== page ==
I keep hearing about how smart Obama is, how thoughtful and articulate. Sure, compared to his predecessor, but look at what a paltry accomplishment that is. Obama, elected with overwhelming support from the anti-war crowd (but who forgot to insist that he end the war), wants to move the war to Afghanistan, which has been called “the graveyard of empires”, at the very moment our economy is tanking and when the last thing in the world we need is more imperial hubris. It all sounds pretty damn stupid to me.

April 13, 2009

A Song for Sunday #9

Filed under: A Song for Sunday,Music — rmangum @ 6:47 am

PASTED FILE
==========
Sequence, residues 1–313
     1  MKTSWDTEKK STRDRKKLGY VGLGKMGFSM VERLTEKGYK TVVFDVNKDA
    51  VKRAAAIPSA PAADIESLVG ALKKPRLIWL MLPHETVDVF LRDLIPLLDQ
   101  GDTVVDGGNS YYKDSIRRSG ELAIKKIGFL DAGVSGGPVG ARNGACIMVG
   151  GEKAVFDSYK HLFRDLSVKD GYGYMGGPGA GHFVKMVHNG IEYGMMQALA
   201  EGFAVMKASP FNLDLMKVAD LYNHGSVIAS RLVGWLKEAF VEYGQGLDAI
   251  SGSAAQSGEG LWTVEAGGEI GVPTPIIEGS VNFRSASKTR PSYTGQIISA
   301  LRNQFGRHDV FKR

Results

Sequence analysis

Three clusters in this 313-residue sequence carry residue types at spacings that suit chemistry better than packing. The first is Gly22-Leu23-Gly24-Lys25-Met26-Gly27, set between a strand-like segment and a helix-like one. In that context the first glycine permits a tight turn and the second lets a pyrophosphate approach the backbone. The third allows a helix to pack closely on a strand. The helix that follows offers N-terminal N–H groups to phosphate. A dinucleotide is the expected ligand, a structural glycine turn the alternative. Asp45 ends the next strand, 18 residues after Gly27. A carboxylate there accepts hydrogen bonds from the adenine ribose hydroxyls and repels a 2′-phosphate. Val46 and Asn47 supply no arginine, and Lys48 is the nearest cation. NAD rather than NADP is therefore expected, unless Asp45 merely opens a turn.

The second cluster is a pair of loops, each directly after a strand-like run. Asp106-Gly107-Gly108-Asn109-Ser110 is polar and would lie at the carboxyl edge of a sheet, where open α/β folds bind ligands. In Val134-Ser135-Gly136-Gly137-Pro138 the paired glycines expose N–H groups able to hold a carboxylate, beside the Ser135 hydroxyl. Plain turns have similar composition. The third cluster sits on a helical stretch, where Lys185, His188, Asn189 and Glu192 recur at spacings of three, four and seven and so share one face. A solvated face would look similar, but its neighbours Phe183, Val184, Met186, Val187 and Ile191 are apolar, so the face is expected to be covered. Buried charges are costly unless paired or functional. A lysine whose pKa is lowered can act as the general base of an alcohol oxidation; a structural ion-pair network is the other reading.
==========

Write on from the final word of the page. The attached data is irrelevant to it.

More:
220px-nicoheroinIf you’ve ever wondered what would be the best music to listen to at three in the morning with a toothache that can’t quite be killed by hydrocodone, I would recommend Nico’s 1969 album The Marble Index. Although it is grotesquely inappropriate for a beautiful Easter Sunday, today’s song, Frozen Warnings, comes from that album.

Nico had an  incredibly charmed career. She was a model at 13, had a bit part in La Dolce Vita, was the subject of a song by Bob Dylan (“I’ll Keep it With Mine”), and had affairs with Dylan, Jim Morrison, and about a half-dozen other rock stars. Her fame will probably always rest on her striking beauty and the three songs she sang on the first Velvet Underground album. She merited an entry in The Rock Snob’s Dictionary published in 2005 by David Kamp and Steven Daly, which describes her thus: